(Adds company comment)
Oct 6 Wal-Mart Stores Inc rebuffed a
proposal by U.S. prosecutors to pay at least $600 million to
settle a corruption probe into the company's practices in
markets including Mexico, India and China, Bloomberg reported,
citing people familiar with the matter.
Prosecutors have now gone back to seek more evidence about
the company's alleged bribery in Mexico to put pressure on the
retailer to settle, Bloomberg reported. (bloom.bg/2e5W54p)
Some of Wal-Mart's actions in Mexico may be too old to
prosecute, the report said.
Officials are working to strike a deal with the Bentonville,
Arkansas-based company before a new U.S. administration takes
over in January, according to the Bloomberg report.
Wal-Mart is cooperating fully with the government and
compliance with the US Foreign Corrupt Practices Act (FCPA) and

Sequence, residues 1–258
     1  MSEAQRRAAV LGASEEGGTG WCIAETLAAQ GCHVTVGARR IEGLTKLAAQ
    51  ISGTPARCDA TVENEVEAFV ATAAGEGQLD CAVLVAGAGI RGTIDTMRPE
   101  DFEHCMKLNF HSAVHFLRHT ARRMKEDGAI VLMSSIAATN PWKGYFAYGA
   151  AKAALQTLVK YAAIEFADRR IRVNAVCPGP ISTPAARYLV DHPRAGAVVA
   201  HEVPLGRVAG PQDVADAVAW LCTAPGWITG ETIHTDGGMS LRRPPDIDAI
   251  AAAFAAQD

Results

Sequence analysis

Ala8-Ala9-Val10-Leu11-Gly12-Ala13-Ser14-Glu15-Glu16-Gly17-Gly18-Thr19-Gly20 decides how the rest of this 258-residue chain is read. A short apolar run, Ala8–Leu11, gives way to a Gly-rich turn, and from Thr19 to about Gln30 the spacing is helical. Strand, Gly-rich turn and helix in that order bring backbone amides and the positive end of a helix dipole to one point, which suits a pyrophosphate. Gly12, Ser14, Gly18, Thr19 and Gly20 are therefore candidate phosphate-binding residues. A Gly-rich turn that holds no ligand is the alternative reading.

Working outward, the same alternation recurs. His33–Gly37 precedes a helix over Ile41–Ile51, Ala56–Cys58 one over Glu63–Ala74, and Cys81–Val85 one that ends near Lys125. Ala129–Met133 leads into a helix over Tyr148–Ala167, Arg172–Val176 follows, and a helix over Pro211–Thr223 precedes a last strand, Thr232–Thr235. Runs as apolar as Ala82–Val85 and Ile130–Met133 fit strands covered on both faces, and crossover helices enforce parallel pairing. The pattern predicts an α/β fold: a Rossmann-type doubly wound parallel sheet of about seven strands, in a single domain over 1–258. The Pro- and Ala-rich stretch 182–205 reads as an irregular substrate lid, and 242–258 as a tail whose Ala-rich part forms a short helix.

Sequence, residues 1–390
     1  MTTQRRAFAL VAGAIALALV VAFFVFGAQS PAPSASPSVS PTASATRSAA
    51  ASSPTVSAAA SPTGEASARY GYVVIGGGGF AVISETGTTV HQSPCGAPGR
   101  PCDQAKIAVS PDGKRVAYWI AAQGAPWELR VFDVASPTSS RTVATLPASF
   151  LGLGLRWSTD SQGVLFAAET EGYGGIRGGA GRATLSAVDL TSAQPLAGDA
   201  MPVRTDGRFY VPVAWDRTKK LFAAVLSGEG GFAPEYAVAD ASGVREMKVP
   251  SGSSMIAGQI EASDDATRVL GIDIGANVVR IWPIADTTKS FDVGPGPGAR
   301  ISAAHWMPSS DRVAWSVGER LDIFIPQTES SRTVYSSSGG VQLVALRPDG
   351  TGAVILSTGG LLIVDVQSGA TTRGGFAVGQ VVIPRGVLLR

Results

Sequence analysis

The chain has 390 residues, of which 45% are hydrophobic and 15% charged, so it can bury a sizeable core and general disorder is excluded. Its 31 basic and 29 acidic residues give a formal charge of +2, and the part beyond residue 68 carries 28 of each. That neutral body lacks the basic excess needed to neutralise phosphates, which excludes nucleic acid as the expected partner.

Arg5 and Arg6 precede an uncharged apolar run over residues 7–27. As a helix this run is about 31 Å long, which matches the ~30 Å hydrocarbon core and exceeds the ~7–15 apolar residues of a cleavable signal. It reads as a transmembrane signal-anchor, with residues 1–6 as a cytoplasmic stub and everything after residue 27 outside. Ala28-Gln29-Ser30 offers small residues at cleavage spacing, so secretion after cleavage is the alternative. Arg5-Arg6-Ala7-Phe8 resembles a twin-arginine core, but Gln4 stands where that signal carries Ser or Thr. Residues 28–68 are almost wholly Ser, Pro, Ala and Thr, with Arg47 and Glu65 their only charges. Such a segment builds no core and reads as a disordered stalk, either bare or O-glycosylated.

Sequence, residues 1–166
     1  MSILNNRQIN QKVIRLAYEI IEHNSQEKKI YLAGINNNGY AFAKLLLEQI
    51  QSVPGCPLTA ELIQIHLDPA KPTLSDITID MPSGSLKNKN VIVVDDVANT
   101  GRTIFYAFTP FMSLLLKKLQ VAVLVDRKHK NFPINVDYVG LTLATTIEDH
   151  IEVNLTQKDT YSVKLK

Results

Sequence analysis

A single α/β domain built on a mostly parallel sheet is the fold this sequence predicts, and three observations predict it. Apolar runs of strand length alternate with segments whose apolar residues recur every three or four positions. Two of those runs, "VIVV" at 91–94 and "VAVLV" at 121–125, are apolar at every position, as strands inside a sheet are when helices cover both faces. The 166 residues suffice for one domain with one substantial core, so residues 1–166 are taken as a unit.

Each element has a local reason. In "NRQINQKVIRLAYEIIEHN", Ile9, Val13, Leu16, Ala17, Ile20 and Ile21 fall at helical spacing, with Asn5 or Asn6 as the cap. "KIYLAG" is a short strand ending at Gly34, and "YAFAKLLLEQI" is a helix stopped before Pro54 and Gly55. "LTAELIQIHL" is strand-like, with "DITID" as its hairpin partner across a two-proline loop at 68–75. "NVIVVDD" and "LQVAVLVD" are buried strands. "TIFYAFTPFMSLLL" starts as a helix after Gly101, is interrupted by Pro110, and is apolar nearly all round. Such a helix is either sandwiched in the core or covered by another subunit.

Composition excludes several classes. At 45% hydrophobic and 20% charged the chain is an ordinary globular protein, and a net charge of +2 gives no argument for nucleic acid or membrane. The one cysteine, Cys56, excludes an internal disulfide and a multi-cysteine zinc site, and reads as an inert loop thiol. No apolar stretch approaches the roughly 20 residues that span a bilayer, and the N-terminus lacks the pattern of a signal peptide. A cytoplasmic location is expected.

other anti-corruption laws is a key priority, company spokesman
Greg Hitt said.
The U.S. Department of Justice has been conducting a
long-running investigation into potential misconduct by
Wal-Mart, including violations of FCPA, in some overseas
markets, including China, Brazil, India and Mexico.
Wal-Mart is also facing a class-action lawsuit filed by its
shareholders including a Michigan pension fund, accusing it of
defrauding shareholders by concealing suspected bribery to help
it expand faster in Mexico.
(Reporting by Abhijith Ganapavaram and Gayathree Ganesan in
Bengaluru; Editing by Shounak Dasgupta)